Author: Larry Willoughby
Available? On Amazon.com, ranging in price from $45 to $95
Excerpts and observations, starting in Chapter 31, page 660:
Timeline on pages 660-661 goes from 1845 to the Present, starting with the Texans casting their first votes as US Citizens in 1848 and ends in 2000 with George W. Bush's election as President. Curiously, the pictures across the top are as follows; an electronic voting machine with the caption "Recent technology has been used to make vote recorders that are very accurate"-next is a campaign button for Bill Clements with the caption that reads "With his election in 1978, Bill Clements became the first Republican governor in more than 100 years"-next to that is a picture of under voting age kids with posters that say "Bush/Quayle, 92" and a caption that reads "Texas teenagers participated in the 1992 Republican National Convention in Houston". There is no spot on the timeline indicating Ann Richards as one of the most popular governors in Texas and Barbara Jordan is mentioned at 1972 is not listed as a Democrat but a Texan. Curiously, there is a picture at the bottom of Ellis Island and the caption "Ellis Island was the nation's busiest immigration entry point during the early 1900s. Many immigrants have become naturalized citizens."
Page 670 gives a biography of Phil Gramm and this is highlighted with a star and TEKS (meaning a reading check to see if they comprehend the material) with the question How has Gramm served the people of Texas?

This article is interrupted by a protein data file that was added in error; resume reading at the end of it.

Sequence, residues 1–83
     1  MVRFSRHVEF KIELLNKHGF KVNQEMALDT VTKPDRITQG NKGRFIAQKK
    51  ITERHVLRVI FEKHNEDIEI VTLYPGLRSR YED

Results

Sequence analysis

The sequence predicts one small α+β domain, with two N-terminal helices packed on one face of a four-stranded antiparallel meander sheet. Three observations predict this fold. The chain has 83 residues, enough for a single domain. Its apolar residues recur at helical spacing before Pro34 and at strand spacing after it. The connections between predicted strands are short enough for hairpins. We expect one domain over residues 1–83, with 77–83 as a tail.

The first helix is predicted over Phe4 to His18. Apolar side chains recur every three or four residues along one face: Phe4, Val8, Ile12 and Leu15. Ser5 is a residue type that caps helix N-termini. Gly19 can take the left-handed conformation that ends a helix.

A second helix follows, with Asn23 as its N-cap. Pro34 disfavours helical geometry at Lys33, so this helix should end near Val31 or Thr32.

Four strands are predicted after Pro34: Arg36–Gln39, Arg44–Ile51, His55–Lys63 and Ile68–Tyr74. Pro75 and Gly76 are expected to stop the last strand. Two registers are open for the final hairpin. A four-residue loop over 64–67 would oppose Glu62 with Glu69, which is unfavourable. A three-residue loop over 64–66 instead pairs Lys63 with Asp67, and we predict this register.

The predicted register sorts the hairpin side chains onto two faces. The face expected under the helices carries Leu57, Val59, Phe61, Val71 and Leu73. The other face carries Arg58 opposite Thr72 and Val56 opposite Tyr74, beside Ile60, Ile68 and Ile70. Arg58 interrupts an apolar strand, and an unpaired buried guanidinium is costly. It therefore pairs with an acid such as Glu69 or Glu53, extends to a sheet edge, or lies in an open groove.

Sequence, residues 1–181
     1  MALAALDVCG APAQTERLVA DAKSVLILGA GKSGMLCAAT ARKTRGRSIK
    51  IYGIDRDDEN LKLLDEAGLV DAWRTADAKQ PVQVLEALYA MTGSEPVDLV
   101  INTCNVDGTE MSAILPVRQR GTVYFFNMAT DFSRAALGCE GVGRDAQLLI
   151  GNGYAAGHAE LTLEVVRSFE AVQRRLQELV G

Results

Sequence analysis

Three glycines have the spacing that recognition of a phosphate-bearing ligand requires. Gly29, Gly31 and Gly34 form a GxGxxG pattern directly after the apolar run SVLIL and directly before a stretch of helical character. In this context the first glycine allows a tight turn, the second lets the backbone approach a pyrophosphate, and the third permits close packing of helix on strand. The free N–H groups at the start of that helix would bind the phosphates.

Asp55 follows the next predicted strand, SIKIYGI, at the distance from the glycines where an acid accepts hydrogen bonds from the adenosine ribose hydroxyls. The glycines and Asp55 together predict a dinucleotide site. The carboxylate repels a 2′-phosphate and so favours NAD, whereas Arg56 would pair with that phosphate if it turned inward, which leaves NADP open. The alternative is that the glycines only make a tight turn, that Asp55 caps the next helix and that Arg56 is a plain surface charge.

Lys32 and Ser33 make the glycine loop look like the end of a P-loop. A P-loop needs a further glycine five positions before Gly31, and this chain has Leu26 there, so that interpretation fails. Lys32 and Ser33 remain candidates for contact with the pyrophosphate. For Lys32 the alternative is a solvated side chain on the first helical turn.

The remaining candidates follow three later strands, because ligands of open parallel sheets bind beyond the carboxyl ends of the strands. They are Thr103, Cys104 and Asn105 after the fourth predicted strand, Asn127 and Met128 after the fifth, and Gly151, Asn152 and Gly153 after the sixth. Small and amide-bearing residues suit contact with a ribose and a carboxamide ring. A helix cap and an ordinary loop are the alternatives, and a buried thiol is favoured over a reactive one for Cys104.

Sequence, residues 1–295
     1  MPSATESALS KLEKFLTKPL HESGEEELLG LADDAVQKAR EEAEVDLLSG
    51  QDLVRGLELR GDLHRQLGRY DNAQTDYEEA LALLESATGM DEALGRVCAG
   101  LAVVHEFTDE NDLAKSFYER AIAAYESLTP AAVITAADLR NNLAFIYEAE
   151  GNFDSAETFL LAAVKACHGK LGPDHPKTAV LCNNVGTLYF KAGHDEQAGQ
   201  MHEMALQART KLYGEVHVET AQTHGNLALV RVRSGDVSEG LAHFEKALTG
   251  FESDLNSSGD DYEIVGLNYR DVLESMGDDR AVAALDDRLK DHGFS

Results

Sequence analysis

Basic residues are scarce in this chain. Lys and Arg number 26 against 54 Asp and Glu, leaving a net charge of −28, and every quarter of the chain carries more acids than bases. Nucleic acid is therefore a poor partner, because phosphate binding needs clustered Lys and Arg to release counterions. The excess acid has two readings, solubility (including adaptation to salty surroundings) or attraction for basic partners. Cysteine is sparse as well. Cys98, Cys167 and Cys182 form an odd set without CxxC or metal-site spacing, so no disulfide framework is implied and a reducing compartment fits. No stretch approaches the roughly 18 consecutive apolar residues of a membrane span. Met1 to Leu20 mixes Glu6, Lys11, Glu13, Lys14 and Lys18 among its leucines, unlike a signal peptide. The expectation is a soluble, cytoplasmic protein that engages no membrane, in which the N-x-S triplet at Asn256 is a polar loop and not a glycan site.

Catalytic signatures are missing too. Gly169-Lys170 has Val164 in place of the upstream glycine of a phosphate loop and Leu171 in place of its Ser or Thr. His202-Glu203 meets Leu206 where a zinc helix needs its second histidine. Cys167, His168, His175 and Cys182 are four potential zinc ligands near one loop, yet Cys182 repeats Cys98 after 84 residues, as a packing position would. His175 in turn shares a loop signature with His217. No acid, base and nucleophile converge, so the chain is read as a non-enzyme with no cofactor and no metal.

Page 671 does finally include a quote by a Democrat, Molly Beth Malcolm, but the only thing they print is her saying "I'm glad Texas is a two-party state. That's how democracy should be."
Page 671 then goes on to explain that Texas was a one party state until the Republicans came along in the 70's and since then have "held many statewide political offices, and Texas has become a two-party state."
Oh but there is more.
AND POSSIBLY MY FAVORITE:
ON Page 673 In the paragraph on PAC's, Karl Rove is quoted as saying "Texas has grown to be a very big state, and when you have state senatorial districts that rival the size of congressional districts, you are trying to reach an awful lot of people and it costs a lot of money to run.Television costs continue to escalate year after year."
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